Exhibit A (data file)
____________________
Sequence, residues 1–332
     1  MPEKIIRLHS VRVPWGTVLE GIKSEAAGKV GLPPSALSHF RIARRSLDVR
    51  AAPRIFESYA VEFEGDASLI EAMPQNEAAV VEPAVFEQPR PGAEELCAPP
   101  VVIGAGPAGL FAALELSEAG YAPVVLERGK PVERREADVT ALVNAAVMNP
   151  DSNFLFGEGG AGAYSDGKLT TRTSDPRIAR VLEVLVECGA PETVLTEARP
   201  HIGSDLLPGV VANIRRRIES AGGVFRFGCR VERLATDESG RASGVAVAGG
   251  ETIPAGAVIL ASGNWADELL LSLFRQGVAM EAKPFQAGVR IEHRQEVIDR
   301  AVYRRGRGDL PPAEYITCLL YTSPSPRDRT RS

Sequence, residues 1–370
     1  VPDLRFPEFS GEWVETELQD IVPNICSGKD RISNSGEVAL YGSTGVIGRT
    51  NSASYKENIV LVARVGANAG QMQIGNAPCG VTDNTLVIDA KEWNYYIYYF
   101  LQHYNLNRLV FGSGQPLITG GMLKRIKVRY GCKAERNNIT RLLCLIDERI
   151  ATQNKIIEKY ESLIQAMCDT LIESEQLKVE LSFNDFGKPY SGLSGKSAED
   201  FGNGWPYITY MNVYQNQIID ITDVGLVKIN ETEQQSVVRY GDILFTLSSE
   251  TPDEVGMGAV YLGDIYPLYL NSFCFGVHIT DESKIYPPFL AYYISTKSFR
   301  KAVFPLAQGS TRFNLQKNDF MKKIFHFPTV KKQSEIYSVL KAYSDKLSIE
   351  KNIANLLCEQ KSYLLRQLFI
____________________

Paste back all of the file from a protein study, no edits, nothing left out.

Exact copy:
Sequence, residues 1–332
     1  MPEKIIRLHS VRVPWGTVLE GIKSEAAGKV GLPPSALSHF RIARRSLDVR
    51  AAPRIFESYA VEFEGDASLI EAMPQNEAAV VEPAVFEQPR PGAEELCAPP
   101  VVIGAGPAGL FAALELSEAG YAPVVLERGK PVERREADVT ALVNAAVMNP
   151  DSNFLFGEGG AGAYSDGKLT TRTSDPRIAR VLEVLVECGA PETVLTEARP
   201  HIGSDLLPGV VANIRRRIES AGGVFRFGCR VERLATDESG RASGVAVAGG
   251  ETIPAGAVIL ASGNWADELL LSLFRQGVAM EAKPFQAGVR IEHRQEVIDR
   301  AVYRRGRGDL PPAEYITCLL YTSPSPRDRT RS

Sequence, residues 1–370
     1  VPDLRFPEFS GEWVETELQD IVPNICSGKD RISNSGEVAL YGSTGVIGRT
    51  NSASYKENIV LVARVGANAG QMQIGNAPCG VTDNTLVIDA KEWNYYIYYF
   101  LQHYNLNRLV FGSGQPLITG GMLKRIKVRY GCKAERNNIT RLLCLIDERI
   151  ATQNKIIEKY ESLIQAMCDT LIESEQLKVE LSFNDFGKPY SGLSGKSAED
   201  FGNGWPYITY MNVYQNQIID ITDVGLVKIN ETEQQSVVRY GDILFTLSSE
   251  TPDEVGMGAV YLGDIYPLYL NSFCFGVHIT DESKIYPPFL AYYISTKSFR
   301  KAVFPLAQGS TRFNLQKNDF MKKIFHFPTV KKQSEIYSVL KAYSDKLSIE
   351  KNIANLLCEQ KSYLLRQLFI